H87, H25, F10, F13, F14
Working Paper Number
In principle, a VAT should be neutral with regards to both the level and composition of exports. In practice, this may not be the case because exporters in many countries receive incomplete VAT refunds. When VAT refunds are incomplete, the exports of industries that rely heavily on intermediate goods are especially likely to be negatively affected by a VAT. Motivated by these considerations, this paper uses trade data for over 100 countries spanning 1962-2015 to evaluate the differential effect of the VAT across industries. I find that an industry with a 10% point higher intermediate goods share of output sees a decline in exports of over 8% relative to an industry with a lower share. This effect is particularly pronounced for low-income countries and essentially absent for high-income countries.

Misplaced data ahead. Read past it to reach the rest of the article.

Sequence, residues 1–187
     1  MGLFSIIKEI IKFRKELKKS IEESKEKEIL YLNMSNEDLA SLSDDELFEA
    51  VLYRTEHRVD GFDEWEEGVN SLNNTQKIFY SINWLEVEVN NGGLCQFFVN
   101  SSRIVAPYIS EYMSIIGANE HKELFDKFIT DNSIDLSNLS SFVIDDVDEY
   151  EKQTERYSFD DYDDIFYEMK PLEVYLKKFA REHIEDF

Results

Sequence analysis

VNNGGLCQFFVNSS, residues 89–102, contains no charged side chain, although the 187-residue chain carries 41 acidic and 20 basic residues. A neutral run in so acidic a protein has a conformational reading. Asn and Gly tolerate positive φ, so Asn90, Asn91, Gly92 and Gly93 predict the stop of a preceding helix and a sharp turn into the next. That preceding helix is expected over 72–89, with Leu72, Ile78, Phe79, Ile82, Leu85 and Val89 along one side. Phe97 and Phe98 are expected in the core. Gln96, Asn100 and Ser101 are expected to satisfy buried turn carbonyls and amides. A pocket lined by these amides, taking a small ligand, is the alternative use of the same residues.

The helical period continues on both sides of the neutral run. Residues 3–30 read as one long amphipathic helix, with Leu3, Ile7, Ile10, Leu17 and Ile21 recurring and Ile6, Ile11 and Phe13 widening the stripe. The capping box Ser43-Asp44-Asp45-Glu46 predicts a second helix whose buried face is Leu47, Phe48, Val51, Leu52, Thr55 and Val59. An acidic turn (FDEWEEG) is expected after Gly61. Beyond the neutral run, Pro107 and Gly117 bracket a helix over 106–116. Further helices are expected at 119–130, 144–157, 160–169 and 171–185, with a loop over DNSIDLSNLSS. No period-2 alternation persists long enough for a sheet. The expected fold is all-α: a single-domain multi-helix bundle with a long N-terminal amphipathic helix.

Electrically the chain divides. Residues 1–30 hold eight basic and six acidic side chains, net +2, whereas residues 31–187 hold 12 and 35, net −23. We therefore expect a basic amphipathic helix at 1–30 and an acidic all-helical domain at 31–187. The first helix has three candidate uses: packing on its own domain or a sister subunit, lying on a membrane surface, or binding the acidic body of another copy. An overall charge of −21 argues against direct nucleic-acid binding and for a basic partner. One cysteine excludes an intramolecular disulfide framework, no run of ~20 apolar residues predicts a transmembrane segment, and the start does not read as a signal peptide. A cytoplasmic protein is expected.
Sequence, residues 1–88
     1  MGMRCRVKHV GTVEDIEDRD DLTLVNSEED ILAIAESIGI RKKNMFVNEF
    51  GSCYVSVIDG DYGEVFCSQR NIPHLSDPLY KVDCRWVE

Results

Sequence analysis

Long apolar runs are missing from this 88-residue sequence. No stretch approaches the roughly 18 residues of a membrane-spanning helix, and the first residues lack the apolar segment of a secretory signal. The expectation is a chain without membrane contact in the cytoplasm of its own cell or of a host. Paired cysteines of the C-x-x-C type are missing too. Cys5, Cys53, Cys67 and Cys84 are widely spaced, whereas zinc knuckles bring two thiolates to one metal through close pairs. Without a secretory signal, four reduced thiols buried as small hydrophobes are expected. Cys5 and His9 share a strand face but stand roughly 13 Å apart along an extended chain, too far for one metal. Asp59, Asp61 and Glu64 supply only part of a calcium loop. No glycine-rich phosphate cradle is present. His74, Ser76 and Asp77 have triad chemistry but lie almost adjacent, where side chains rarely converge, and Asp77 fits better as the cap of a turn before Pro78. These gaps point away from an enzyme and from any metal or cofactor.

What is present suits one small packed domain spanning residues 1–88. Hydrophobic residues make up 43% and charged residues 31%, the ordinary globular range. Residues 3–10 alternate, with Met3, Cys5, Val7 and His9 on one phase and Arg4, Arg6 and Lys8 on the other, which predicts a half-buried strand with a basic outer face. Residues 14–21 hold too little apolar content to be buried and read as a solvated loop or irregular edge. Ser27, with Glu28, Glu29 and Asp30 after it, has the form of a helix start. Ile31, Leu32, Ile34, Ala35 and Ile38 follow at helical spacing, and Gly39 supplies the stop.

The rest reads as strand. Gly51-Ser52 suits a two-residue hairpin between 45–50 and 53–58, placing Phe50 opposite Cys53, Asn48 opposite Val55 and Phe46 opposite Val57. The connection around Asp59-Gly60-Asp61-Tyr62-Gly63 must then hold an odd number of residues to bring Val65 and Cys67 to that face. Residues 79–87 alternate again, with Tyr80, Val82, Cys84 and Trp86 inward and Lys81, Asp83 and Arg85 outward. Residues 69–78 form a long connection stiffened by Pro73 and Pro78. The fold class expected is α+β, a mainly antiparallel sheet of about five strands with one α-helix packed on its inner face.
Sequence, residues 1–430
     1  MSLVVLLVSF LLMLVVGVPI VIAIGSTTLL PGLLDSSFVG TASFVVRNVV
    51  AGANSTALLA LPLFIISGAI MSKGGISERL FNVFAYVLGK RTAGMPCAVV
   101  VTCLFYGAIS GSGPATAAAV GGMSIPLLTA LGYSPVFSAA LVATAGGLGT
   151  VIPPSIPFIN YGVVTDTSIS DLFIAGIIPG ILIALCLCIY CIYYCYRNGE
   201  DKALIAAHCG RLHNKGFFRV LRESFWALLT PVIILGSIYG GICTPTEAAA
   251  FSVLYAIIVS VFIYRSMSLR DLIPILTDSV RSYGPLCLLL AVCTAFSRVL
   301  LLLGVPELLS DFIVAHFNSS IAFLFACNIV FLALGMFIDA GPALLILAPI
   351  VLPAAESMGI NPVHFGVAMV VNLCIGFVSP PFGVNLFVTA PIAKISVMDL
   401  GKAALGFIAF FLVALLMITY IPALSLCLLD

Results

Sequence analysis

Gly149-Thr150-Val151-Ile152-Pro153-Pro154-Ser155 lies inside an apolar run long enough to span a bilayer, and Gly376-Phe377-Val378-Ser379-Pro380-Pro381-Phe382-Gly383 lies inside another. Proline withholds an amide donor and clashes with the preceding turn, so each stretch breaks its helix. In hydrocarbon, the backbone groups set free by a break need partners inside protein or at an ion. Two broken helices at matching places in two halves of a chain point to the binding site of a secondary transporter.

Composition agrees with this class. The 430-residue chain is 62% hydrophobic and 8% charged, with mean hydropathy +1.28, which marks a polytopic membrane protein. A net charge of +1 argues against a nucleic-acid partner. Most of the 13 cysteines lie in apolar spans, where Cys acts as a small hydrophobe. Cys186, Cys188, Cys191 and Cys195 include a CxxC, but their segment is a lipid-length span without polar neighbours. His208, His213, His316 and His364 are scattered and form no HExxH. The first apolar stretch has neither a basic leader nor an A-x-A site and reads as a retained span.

Sharma, Rishi, "Domestic Taxes and Export Composition: Evidence from VAT Adoption Worldwide" (2017). Economics Faculty Working Papers. 55.